Natural Carpet Cleaner 10 Ways to Clean Carpet Naturally

Natural Carpet Cleaner: 10 Ways to Clean Carpet Naturally

Carpet Cleaning — Rugs and carpets can trap all kinds of particles that you don’t want to breathe in, whether you have children or pets running around or simply track dirt into your house on your shoes. And let’s not even talk about the stains.

Of course, you don’t want your cleaning chemicals to trap more potentially hazardous stuff in the carpets they’re designed to clean. This is where natural Carpet Cleaning becomes appealing.

From the vast realm of natural Carpet Cleaning, we gathered both DIY recipes and ready-to-buy goods. Many of these can be manufactured with items you presumably already have at home or that are worth investing in if you don’t have them on hand.

When it comes to carpets, a spot inspection should always be done first. To make sure it won’t stain your carpet fiber combination, test a small amount of whatever you’re using in an unobtrusive location. If you’re buying something, make sure it’ll work with the fibers on your floor. Remember to dab or blot, not rub, because too much scrubbing power might push stains deeper into fibers instead of taking them out.

DIY

These are some of the best non-toxic ways for cleaning your carpet naturally, as well as the easiest in terms of components utilized.

1. Vapor of Steam

The simplest and most obvious way to keep things clean is to use plain water. There are no potential chemical reactions or accidental consumption to be concerned about; there is just one ingredient to consider.

You’re unlikely to have the instruments necessary to try this cleaning approach right now. If you’re seeking to invest in a new cleaning product, the line of home steam cleaners allows you to bring professional-level steam cleaning into your house, allowing you to instantly speed up your cleaning game.

It cleans, deodorizes, and sanitizes using dry steam vapor. It also relaxes carpet strands to help them restore their loft, and uses high-temperature steam to eliminate little pests like dust mites. Use a towel linked to a large floor brush to apply the steam by passing it over the carpet in two directions, similar to vacuuming.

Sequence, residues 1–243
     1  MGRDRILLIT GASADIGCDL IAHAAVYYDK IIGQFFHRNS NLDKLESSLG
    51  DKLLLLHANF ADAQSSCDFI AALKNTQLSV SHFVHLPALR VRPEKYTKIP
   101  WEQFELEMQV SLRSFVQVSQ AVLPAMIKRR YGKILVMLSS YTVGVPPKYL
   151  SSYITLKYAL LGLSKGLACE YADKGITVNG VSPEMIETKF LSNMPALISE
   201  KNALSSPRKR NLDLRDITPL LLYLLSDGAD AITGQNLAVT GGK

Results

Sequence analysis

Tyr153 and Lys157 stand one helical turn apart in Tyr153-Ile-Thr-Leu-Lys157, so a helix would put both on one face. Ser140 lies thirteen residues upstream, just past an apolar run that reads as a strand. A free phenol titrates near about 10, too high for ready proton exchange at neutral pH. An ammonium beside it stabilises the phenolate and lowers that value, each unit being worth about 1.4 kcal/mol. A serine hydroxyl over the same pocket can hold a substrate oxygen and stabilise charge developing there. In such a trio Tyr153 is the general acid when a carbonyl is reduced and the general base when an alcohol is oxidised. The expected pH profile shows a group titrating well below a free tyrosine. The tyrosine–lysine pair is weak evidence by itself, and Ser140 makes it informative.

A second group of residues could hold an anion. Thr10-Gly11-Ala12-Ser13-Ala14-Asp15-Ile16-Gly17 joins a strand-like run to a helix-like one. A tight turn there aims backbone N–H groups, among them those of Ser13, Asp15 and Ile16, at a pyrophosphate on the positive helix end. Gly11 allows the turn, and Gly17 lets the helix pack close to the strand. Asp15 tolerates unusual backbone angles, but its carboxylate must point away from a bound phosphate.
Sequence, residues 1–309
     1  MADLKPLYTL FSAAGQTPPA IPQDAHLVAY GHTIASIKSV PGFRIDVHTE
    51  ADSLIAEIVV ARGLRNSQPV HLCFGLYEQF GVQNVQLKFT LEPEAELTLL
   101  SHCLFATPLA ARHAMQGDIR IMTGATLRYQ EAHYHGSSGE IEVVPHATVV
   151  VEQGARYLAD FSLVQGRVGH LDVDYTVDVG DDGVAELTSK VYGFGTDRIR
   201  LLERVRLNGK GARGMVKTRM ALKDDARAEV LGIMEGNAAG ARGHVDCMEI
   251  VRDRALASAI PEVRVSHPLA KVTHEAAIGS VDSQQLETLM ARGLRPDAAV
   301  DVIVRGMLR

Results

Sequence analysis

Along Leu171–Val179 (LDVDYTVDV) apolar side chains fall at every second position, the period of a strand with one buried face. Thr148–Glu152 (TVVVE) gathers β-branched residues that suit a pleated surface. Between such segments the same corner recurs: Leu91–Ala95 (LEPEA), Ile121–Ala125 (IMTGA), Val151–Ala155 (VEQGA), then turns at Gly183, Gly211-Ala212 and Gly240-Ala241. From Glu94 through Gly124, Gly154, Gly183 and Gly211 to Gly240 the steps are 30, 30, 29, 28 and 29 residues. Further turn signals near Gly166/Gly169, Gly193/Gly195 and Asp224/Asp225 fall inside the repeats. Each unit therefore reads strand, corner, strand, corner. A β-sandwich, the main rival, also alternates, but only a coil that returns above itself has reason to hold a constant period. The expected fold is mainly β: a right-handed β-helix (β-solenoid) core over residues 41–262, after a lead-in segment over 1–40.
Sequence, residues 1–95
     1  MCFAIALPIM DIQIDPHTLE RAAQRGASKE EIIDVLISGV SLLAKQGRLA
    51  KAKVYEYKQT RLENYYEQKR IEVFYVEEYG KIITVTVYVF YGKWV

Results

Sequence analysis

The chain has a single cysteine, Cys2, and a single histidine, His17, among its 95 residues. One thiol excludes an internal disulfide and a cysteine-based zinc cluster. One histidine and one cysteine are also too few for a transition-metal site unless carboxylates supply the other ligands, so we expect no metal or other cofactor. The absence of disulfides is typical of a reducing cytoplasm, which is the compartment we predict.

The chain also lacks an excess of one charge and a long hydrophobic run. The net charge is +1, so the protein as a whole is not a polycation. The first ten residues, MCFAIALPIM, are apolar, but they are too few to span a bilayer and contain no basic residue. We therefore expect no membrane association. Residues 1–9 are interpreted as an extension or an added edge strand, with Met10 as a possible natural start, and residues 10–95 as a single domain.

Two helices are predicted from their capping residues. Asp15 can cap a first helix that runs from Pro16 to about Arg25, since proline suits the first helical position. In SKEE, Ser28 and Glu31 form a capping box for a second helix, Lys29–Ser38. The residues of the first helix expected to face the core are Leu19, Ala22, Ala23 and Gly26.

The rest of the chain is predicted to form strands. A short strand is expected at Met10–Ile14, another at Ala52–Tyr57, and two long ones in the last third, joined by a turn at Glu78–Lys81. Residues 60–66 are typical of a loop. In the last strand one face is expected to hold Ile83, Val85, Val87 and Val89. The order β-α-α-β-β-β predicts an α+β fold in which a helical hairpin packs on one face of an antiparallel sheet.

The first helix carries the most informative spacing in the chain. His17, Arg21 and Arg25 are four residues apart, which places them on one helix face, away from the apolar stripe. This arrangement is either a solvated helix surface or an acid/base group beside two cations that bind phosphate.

2. Vinegar + Water + Salt

Fill a big spray bottle halfway with water and the other half with vinegar (two parts water to one part vinegar). (For example, if you have one cup of water, you’ll need half a cup of vinegar.) In a spray bottle, combine the water and vinegar, then add one teaspoon of salt per cup of water. It’s not for seasoning; the salt aids in the binding of the stain particles[*].

Offer 10 drops of essential oil per cup of water to add a deodorizing effect. To avoid staining your carpet, make sure you use a clear essential oil rather than one with any color. Cleaning solutions often contain lavender, but you can also use lime, peppermint, or juniper.

Shake to combine, then saturate the discolored region or the entire carpet with the mixture. Allow it to dry before vacuuming over the area.

If you don’t have a spray bottle, dab the stain with a cloth dipped in the solution. Again, dab rather than rub.

3. Baking Soda + Vinegar + Water

The classic baking soda and vinegar combo is good for so much beyond science fair volcanoes. First, sprinkle just baking soda over the stained area. You can also mix in a few drops of a colorless essential oil if you’d like some extra deodorizing power. Allow the baking soda to sit atop the stain for at least an hour and ideally overnight[*].

Mix vinegar and water in equal parts in a spray bottle, then spray the mixture on top of the baking soda. You should get a satisfying fizzing reaction. After the fizzing has taken place, pat the area with a cleaning rag to blot up the mixture. You may need to repeat the process for particularly stubborn spots.

4. Vinegar + Salt + Borax

In a small bowl or another container, combine equal amounts salt, borax, and vinegar; the Thriving Home site recommends 14 cup of each. You’ll end up having a paste that you may then use on your carpet.

You should wear gloves when doing this, especially if you’re cleaning up something nasty (thanks pets). The gloves will reduce both the spread of bacteria from the stain-causing ingredient (please do not touch bodily fluids bare-handed) and your skin’s exposure to the irritating borax.

Allow for a few hours or at least until the paste has dried after rubbing it into the stained area. Make sure no dogs or children in your house eat the combination. After that, vacuum it up and throw it away. If the stain remains after the paste has been removed, scrub it with a moist rag, which you can rinse occasionally if the problem persists. Vacuum again when the water has dried, just in case.

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